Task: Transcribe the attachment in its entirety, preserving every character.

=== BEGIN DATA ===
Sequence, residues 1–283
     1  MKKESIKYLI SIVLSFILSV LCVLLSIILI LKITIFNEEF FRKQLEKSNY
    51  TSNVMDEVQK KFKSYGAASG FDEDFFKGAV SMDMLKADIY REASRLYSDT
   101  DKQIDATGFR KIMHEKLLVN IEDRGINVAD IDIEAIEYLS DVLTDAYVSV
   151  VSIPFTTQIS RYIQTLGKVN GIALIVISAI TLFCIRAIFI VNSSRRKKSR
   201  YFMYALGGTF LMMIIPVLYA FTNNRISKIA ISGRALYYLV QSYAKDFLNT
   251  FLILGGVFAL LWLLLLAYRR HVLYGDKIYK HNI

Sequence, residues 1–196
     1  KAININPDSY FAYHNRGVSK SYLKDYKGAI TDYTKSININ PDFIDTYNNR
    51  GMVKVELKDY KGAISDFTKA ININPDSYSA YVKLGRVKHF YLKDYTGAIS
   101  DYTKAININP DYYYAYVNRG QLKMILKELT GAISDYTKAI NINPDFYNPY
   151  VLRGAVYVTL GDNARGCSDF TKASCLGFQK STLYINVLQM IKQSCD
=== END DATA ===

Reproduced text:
Sequence, residues 1–283
     1  MKKESIKYLI SIVLSFILSV LCVLLSIILI LKITIFNEEF FRKQLEKSNY
    51  TSNVMDEVQK KFKSYGAASG FDEDFFKGAV SMDMLKADIY REASRLYSDT
   101  DKQIDATGFR KIMHEKLLVN IEDRGINVAD IDIEAIEYLS DVLTDAYVSV
   151  VSIPFTTQIS RYIQTLGKVN GIALIVISAI TLFCIRAIFI VNSSRRKKSR
   201  YFMYALGGTF LMMIIPVLYA FTNNRISKIA ISGRALYYLV QSYAKDFLNT
   251  FLILGGVFAL LWLLLLAYRR HVLYGDKIYK HNI

Sequence, residues 1–196
     1  KAININPDSY FAYHNRGVSK SYLKDYKGAI TDYTKSININ PDFIDTYNNR
    51  GMVKVELKDY KGAISDFTKA ININPDSYSA YVKLGRVKHF YLKDYTGAIS
   101  DYTKAININP DYYYAYVNRG QLKMILKELT GAISDYTKAI NINPDFYNPY
   151  VLRGAVYVTL GDNARGCSDF TKASCLGFQK STLYINVLQM IKQSCD